PW:Replying to Stephanie & Bob.

Warren Sproule (Warren.Sproule@SOCIOL.UTAS.EDU.AU)
Mon, 31 Oct 1994 12:03:58 +0200

2 recent postings, by Stephanie Wilson (10/26) and Bob Graber
(10/27),express perfectly proper misgivings about the rationale behind -
and the potential scientific 'payoffs' from - attempts to define "war" such
that "primitive" societies do not engage in it...

In the first instance, it's an in-house academic issue. I'm curious about a
terminological anomaly within a kindred discipline: Why do some
anthropologists (including Divale, Harris, Otterbein, Sillitoe and others)
more or less unproblematically assert that a phenomenon labelled "primitive
war" exists, while others (Malinowski, Sumner, Pasquinelli, et al) state
that "primitives" do not practice warfare? This definitional discrepancy
worried Alvin Johnson in 1935, concerned Joseph Scheidner in 1950, remained
a bone of contention for Jacob Black-Michaud in 1975, and judging from
responses to the current thread, is still unresolved in 1994. What we have
here are 2 apparently irreconcilable positions existing side by side. A
possible opening gambit into a zero-sum game is to make a tentative and
provisional choice between alternatives. I'm assuming Stephanie and Bob opt
for "primitive war" as a valid category. My point of departure is in line
with the alternative tradition. Within that tradition, my current stance
was triggered by Otterbein's summary of the work of Turney-High (1949), who
'argued that few nonliterate tribes have reached the "military horizon", by
which he meant military efficiency...[s]uch societies are unable to wage
true war; it is only the advanced societies that have reached the "military

Of far more interest are the IMPLICATIONS, both conceptual and practical,
of taking a stance pro or contra. A key question to protagonists in this
debate would be: Is it possible to uphold the validity of a "primitive war"
category WITHOUT maintaining that 'war' is, as Mike Salovesh put it in an
earlier post (10/4), an inevitable part of the human condition? And isn't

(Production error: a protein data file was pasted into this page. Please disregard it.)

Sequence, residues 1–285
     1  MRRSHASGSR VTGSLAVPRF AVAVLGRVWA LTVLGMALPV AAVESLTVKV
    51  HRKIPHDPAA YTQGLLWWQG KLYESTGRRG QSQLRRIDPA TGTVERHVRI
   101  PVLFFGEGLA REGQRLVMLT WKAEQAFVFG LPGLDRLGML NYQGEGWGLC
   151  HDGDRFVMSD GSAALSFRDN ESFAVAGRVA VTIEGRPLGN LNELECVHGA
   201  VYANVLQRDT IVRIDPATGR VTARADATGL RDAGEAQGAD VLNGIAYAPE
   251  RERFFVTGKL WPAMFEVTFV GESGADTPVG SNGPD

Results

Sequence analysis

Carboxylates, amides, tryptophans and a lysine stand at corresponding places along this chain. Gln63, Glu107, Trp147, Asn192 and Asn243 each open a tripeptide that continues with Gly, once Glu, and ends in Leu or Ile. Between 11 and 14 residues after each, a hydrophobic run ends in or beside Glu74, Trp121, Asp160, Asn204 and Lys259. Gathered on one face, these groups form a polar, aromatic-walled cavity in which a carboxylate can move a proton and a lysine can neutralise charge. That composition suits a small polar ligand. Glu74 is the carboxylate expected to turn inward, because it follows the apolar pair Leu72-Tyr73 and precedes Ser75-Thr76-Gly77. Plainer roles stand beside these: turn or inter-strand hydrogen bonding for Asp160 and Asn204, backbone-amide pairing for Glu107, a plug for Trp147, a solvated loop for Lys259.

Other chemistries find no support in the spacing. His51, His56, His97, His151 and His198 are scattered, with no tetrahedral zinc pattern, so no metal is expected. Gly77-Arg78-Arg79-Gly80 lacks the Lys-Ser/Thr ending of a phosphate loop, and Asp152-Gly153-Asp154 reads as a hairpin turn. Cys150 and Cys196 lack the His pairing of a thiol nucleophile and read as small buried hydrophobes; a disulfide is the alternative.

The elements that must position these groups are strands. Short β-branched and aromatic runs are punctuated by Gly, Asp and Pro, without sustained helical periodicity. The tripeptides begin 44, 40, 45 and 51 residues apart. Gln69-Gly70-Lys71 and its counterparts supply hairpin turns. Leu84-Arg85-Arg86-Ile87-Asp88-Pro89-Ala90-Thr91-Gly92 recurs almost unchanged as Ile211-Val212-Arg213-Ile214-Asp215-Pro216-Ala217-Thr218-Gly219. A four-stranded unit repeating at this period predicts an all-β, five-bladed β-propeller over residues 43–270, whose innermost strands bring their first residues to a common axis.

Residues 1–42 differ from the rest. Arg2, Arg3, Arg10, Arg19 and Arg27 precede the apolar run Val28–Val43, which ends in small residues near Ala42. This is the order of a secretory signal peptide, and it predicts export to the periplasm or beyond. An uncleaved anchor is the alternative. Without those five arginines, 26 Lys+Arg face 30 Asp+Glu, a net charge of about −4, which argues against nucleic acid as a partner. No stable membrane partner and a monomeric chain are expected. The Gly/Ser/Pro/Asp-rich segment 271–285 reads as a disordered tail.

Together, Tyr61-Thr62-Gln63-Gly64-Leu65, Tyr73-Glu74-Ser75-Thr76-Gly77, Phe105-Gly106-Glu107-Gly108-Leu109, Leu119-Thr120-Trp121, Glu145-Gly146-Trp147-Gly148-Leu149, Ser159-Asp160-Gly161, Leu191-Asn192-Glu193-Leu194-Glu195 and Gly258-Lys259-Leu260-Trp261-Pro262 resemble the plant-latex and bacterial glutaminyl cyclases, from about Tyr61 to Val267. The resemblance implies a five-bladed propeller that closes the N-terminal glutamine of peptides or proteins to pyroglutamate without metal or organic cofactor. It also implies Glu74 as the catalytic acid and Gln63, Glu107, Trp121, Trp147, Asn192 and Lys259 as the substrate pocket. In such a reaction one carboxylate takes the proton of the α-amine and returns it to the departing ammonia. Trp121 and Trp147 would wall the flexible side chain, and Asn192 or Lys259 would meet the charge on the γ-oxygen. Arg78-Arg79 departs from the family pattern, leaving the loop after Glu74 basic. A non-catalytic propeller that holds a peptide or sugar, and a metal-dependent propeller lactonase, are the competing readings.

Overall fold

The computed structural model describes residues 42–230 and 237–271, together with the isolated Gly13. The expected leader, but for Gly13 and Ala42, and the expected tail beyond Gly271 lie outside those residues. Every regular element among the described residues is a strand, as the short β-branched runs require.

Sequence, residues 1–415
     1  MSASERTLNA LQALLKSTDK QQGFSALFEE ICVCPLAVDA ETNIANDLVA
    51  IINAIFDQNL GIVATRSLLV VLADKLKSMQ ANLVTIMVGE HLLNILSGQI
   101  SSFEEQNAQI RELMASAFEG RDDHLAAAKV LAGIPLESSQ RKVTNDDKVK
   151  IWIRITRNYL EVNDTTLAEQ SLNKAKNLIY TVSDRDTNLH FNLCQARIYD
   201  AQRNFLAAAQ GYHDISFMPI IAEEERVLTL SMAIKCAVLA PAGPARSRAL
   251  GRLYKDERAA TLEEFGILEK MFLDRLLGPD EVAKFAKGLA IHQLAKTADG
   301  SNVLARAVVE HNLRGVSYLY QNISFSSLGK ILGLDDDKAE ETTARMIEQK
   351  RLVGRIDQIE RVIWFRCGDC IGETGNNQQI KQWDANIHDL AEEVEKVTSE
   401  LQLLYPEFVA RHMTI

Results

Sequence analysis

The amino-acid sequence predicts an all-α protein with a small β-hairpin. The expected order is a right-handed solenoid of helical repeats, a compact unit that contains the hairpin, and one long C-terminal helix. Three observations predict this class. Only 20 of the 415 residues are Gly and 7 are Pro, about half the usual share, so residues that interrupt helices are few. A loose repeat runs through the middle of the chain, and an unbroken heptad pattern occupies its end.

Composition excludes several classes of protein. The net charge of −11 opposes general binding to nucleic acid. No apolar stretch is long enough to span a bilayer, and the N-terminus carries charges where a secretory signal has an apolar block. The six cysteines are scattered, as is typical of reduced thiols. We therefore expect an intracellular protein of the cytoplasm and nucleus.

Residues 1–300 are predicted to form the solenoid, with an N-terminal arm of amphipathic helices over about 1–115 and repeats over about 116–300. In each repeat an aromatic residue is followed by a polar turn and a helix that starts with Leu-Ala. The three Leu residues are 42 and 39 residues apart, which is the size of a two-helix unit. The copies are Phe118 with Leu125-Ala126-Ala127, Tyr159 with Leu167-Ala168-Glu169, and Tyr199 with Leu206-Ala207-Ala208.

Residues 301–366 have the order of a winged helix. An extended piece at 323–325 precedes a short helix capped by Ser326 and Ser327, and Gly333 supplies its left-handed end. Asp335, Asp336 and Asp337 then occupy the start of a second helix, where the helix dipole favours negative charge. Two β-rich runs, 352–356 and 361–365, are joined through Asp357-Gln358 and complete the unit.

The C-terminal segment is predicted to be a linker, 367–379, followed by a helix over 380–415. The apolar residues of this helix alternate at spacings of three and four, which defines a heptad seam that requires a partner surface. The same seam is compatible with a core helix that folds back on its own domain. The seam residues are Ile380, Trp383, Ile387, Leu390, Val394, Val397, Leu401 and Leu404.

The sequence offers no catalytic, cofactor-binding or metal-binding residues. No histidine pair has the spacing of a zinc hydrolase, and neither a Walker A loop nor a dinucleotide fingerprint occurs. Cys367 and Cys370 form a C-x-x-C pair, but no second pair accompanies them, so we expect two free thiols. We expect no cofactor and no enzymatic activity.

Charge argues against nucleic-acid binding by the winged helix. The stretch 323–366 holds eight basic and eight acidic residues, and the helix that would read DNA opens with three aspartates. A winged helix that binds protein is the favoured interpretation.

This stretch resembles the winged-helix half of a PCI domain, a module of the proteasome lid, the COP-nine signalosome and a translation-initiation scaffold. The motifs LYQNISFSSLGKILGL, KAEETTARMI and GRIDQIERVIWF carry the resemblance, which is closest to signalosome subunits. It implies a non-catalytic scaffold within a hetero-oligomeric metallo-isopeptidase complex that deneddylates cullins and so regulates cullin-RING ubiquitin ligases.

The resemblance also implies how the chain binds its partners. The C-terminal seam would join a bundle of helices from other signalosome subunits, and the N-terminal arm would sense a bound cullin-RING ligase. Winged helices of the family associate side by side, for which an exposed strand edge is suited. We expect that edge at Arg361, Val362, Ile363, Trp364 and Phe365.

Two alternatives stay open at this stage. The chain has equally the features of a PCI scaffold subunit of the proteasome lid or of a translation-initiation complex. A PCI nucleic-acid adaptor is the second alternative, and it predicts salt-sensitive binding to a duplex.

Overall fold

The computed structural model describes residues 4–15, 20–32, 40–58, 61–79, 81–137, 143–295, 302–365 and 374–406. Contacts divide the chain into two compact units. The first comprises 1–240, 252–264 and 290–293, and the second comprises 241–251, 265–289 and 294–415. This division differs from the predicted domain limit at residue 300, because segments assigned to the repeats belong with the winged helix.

that akin to saying that the warring tendency is a either a biological
given, or the necessary consequence of any and every type of society? I've
yet to read an account of "primitive war" that doesn't rest on this sort of
assumption. The assumption may be expressed inferentially or directly, as
glorious or regrettable, but it's always "there", even as a latent capacity
made manifest by specific circumstances. If we cast the raid, the manhunt,
the vendetta, as instances of "war writ small", then I think we run the
risk of missing the very elements of what makes war a *specific* form of
social behaviour. My hunch is that war ISN'T merely these examples of
small-scale organised violence "writ large", any more than a Stealth bomber
is simply a large spear, a Patriot missile-launcher is just a large
slingshot, or a hand grenade is only a large rock. At most, I'd be willing
to concede that *aspects* of "primitive" fighting constitute, at a stretch,
what I'd term PROTO-war. WAR proper ('unmarked-category' war?) certainly
incorporates some of these aspects, amplifying, recombining and placing
them within a new framework. If this were all that happens, I don't think
I'd have a case - but it isn't. Because war also abandons, outlaws or
renders other aspects of primitive fighting obsolete, proceeds from a
different logic, and introduces new elements into the conditions of
organised conflict...